Saturday, November 11, 2017

Beginning to think through some things about giving meaning to

Drawing on Nietzsche and his own harrowing experiences in the concentration camps to which he lost his family, Viktor Frankl re-emphasized the importance of finding meaning of some sort in order to survive. We are meaning-needing creatures. I don't know that this is unique to us. Domesticated animals, at least, can become listless, bored, and depressed without some directed activity. Most of us have also seen animals in the zoo pacing a dirt-path in their enclosures perhaps because the activity toward which their lives would normally be directed or devoted have been taken from them.
We can give meaning to the world and to objects in it. This is more plausibly unique to us as a species. We are not only need-ers of, but also creators of, meaning. And, we can give meaning not just to words, but also to objects and places and any number of things. A trivial example: I have a small pebble, blood-colored and roughly in the shape of a heart. It has a meaning for me, though it of course has no meaning in itself, no natural meaning. (That's saying nothing more than objects in the world are not intentional unless they are given intentionality by semantic monsters like us.)
What I've been puzzling over recently is the difficulty of giving meaning to an object. The pebble for instance has a meaning that I gave to it, but I wasn't able to do that as a pure act of the will. It should be clear that I'm playing loosely with the notion of meaning, thinking about denotation and connotation and various other members of the family of meanings, but it seems to me in any case, an individual isn't enough to give something meaning. There's Wittgenstein's private language argument in the Investigations—unless there is no such argument to be found—but there's also a more general sense in which I think one individual cannot create meaning out of whole cloth. The pebble has the kind of meaning it does for me because of some of its own characteristics (shape, color, etc.) and the context of its being found by me while walking my dog Mateo and the subsequent events of Mateo's death shortly thereafter. None of these is sufficient for it to have any kind of meaning; though a human is necessary to give meaning even if—as in this case—the meaning is in a sense private—a meaning only for me—I don't think I could give whatever meaning I wished to whatever object or word or experience just by an act of the will, by fiat. That's the sense, it seems to me, in which the perhaps-illusory private language argument is correct: no individual by herself is sufficient to create meaning, because meaning has to be answerable to some other constraint in order really to be meaning.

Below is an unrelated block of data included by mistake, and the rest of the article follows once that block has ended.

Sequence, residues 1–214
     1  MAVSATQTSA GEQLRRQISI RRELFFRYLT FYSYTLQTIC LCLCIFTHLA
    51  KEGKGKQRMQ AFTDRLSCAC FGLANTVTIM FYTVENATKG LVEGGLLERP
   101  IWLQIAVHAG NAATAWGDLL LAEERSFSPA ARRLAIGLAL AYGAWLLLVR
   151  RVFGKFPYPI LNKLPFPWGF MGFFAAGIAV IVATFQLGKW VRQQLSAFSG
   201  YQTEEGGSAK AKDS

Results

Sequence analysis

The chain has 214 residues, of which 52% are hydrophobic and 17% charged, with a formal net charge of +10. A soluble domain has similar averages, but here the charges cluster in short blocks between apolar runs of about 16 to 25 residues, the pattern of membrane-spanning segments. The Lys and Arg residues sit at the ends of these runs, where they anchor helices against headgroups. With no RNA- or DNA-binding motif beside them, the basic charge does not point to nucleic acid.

Even in the case of language, I'm not sure that constraint has to be another language user.

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